Eliphaz the Temanite, Bildad the Shuhite, and Zophar the Naamathite; and they made an appointment together to come to sympathize with him and comfort him. 12 When they lifted up their eyes at a distance and did not recognize him, they raised their voices and wept. And each of them tore his robe and they threw dust over their heads toward the sky. 13 Then they sat down on the ground with him for seven days and seven nights with no one speaking a word to him, for they saw that his pain was very great. (Job 2:11-13)Job 2:11-13, New American Standard Bible
Job continues to lament
What do we know about some of Job’s innermost thoughts and feelings beginning in Chapter 3? We are able to see a glimpse into the very great and real distress that Job is experiencing.
- Job wishes he had died at birth (Job 3:11). As somebody who has lost a child through miscarriage, this is a very profound and accurate statement. How many times have I cried out to God and wished I could have been able to go to heaven and be with my child? Some days the sorrow and grief are too intense to function. I imagine that Job felt the same way, in his mind- why bother having been born only to be put through so much misery?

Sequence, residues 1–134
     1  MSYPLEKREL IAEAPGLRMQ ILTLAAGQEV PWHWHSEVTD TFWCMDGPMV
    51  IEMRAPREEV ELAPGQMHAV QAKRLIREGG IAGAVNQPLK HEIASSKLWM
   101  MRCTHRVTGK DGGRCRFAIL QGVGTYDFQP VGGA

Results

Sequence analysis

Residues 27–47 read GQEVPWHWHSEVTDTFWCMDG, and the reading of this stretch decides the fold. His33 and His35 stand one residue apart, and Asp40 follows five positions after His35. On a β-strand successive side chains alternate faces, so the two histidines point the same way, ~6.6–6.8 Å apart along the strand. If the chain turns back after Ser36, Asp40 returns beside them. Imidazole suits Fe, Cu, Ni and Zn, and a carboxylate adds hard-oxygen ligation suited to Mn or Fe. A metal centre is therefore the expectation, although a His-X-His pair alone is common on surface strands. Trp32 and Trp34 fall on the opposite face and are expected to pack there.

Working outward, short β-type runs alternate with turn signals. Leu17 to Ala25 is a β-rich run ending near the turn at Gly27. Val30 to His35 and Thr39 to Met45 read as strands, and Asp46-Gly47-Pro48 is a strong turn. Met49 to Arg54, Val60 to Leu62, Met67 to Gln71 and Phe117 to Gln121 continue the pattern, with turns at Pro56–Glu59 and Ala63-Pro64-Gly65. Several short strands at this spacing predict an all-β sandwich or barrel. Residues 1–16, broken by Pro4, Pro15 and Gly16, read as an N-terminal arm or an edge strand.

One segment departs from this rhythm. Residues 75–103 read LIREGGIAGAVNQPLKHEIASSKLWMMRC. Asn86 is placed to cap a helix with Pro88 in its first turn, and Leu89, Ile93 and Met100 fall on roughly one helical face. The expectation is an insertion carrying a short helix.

- Job likens his desire to have had his mother suffer a miscarriage. “Or like a miscarriage which is [g]discarded, I would not be As infants that never saw light. (Job 3:16). WOW!
- Job has an anguished spirit “I will speak in the anguish of my spirit, I will complain in the bitterness of my soul.” (Job 7:11)
- Job had nightmares. “Then You frighten me with dreams And terrify me by visions; (Job 7:14). For several months I have wrestled with nightmares, so I can definitely relate to Job. There are times when it feels like my mind is being attacked from inside. During these times, I do my best to cry out to God and share with him my fear, pain, and, anguish. Isn’t it comforting that we can go to his presence day or night and he will hear us?